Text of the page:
Dressing Like a Goddess

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Women designing for women was a strong theme on day five of New York Fashion Week. Designers including Monique L'Huillier, Georgina Chapman and runway newcomer Karen Craig of Marchesa trained their eyes on the celebs who wear their clothes (and sit front row at their shows), such as Sarah Michelle Geller and Mischa Barton, with lots of light airy goddess dresses. Or, in the case of Marchesa, several short puff ball dresses in cotton candy colors.

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Then there's Benhaz Serapfour who gently tweaked her vision of neat, tailored dresses with sparkly gold sequins and a few puff ball skirts. The strongest show came from out-of-towners Kate and Laura Mulleavy who brought their chiffon mille-feuille frocks to New York from Pasadena. These two sisters, who have no formal fashion training but a healthy dose of imagination, presented their first runway show, and their vision, although a bit quirky, was strangely captivating. What all these designers have in common is an airy, romantic notion of what women should wear.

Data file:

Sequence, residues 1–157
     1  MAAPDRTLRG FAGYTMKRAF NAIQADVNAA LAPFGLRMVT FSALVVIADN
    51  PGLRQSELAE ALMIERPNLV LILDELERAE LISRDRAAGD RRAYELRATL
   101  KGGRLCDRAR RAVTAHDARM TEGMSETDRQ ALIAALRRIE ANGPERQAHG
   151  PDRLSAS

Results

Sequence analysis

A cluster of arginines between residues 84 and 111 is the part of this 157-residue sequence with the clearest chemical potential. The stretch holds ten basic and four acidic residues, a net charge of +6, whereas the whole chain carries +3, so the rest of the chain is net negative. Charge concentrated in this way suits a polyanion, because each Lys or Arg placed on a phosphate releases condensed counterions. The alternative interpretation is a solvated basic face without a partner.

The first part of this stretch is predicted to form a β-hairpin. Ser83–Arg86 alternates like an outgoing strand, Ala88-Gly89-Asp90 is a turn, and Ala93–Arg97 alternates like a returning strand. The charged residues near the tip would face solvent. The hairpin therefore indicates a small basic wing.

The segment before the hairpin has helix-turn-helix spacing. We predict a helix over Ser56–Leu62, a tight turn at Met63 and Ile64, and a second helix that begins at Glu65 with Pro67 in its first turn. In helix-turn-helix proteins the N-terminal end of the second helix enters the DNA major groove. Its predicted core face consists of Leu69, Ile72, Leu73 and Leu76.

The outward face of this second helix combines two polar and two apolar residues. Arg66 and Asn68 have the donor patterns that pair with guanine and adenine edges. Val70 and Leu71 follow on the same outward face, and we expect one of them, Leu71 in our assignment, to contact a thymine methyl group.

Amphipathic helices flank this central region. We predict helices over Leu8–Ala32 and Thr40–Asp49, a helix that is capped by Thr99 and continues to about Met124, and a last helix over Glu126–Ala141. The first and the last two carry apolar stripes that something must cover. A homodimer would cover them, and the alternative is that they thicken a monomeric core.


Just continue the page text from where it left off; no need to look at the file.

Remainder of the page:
None of this fluffy stuff will pass muster with the guy I consider one of New York's great design talents: Narciso Rodriguez. He has a razor-sharp eye for tailoring and an ability to reinvent so much in terms of how clothes are cut. With innovative fabrics Rodriguez can take something so obvious — like a flowing chiffon goddess gown — and make it look totally new. For spring he added color blocking in tomato red or teal and sent out some beautiful breezy coats in cool lacquered fabrics. Derek Lam is also experimenting with the American sportswear vocabulary, drawing inspiration from such sources as Claire McCardell's popover dress or patchwork quilting.